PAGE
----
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Latest Reserve Bank monthly figures show mortgage credit growth remains above 6%, while non-bank lending has surged in the past month

Latest Reserve Bank monthly figures show mortgage credit growth remains above 6%, while non-bank lending has surged in the past month

By David Hargreaves

Mortgage credit growth is arguably still showing surprising resilience, with the Reserve Bank's Sector Lending figures, released on Thursday showing that for the year to December the total amount in mortgages advanced both by bank and non-bank lenders increased by 6.1%.

That figure is actually slightly down on the 6.2% annualised figure to November - but in fact the RBNZ has revised the November figures (which were already very strong) upwards in its latest release. Previously the annual growth rate as of November had been given as 6.1%.

After - much as expected - dropping below 6% at the end of 2017 - mortgage credit growth has been at or above 6% now since July 2018.

The total amount given as outstanding on mortgages at the end of 2018 was $258.686 billion, which is up by just under $14.9 billion on the total as at the end of 2017.

One notable feature in the latest month's figures is a surge in the amount of mortgage money advanced by non-bank lenders.

While the overall total of non-bank mortgages, at $2.708 billion, is still very small, it rose by $137 million (over 5.3%) in just the month of December. 

That brought the annual level of increase in non-bank mortgages to over $500 million for the full year, and in percentage terms gave a 24.7% increase on the total outstanding of just $2.172 billion as at the end of 2017.

In terms of the overall mortgage figures for both banks and non-banks, the figures from January onward will be viewed with great interest to see if there is an uplift following the relaxation of the RBNZ's rules around high loan to value ratio lending as of January 1.

A similar relaxation made to the rules by the RBNZ early last year did appear to have some stimulatory effect on the mortgage market.

Elsewhere in the latest Sector Lending figures, business lending, which has been a bit volatile essentially since the Coalition Government came into power in late 2017, was largely unchanged over the month at just over $113 billion. However, the annual increase figure blipped up from 4.5% to 4.9%.

Agricultural lending rose by nearly $100 million in December to $62.573 billion, which gave an annual increase of 3.4% - and while that's not a stratospheric increase compared with the over 9% figures seen in 2015, it is still the biggest annualised increase since early 2017.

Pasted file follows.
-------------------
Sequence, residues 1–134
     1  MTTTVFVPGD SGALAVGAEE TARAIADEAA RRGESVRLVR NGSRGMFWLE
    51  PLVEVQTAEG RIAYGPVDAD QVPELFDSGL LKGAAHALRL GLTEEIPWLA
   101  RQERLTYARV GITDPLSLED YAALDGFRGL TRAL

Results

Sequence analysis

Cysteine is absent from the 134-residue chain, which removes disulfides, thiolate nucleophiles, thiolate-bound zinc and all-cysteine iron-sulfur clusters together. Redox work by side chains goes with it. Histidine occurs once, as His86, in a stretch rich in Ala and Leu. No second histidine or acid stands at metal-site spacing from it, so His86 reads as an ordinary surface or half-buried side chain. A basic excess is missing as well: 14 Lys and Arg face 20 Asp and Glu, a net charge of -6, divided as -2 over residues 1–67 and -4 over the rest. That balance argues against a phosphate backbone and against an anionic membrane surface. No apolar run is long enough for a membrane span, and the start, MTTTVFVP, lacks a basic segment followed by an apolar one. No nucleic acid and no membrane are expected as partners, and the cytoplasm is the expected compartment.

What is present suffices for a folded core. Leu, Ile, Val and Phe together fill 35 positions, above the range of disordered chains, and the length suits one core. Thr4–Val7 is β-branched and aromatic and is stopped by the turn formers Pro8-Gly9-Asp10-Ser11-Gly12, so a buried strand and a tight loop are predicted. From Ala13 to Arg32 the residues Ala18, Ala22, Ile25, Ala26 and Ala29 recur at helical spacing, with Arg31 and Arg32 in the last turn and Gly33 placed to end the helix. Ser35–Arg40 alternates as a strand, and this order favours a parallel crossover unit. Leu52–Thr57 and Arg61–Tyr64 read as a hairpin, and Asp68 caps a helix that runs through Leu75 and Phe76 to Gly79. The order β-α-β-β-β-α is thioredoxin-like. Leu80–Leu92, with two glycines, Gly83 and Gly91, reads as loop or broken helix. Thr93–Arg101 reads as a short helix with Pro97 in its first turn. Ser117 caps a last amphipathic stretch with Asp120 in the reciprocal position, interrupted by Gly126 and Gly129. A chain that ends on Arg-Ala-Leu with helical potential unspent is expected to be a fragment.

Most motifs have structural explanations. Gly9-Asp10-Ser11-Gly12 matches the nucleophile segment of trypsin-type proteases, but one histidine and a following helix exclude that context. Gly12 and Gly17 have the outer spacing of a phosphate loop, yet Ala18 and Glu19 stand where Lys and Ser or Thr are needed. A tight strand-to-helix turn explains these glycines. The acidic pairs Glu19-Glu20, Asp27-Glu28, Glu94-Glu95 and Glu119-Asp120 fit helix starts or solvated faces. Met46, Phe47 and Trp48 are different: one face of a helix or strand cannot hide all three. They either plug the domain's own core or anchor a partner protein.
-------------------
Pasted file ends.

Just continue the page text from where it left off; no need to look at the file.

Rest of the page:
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Will GDP growth be able to keep up with the growth in household debt? What a path NZ is on, addicted to credit and housing and in danger of following our Australian cousins into a housing collapse.

Property is one hell of a drug, Nic.

Are you standing by your prediction of recession in NZ in the first half of this year?


Humble pie for you soon then.

All credit to Nic though for actually putting a forecast out there. It’s tough and only made tougher by politics. I agree with Nic we’re heading to a recession however the timeframe has most likely just been pushed out by the fed “blinking” and suggesting they will revert to QE should they need to.
Fundamentally he’s absolutely correct, it’s just bankers and politicians vs gravity. Gravity will win eventually but not without a fight and who knows what other tricks the bankers and Polly’s have up their sleeves?

Yes, credit to Nic for putting a prediction out there, no matter how misguided. But hold on a second. You can’t say “I predicted a recession but my timing was off”. Everyone knows there will be a recession at some point in the future. This is inevitable - a monkey could predict that. You only demonstrate acumen if you can accurately predict the timing.

If timing doesn’t matter, I hereby officially go on the record and predict a recession in New Zealand too. Can’t wait to brag about my prediction skills when the recession arrives, whenever that may be.

Fair point although a little strawmanned. I would ask, how would you consider ones acumen if they were to continually adjust their predictions with each new piece of information? It’s a little bit damned if you do damned if you don’t.

Timing definately does matter (I sold my melbourne place sept 2017 so pretty happy with that). However timing changes frequently. Doesn’t mean that someone’s wrong, it simply means things have changed. That’s why I try to look at the likely destination and adjust my horizon accordingly. Whether or not changing predictions with the markets gets derided is another thing entirely however.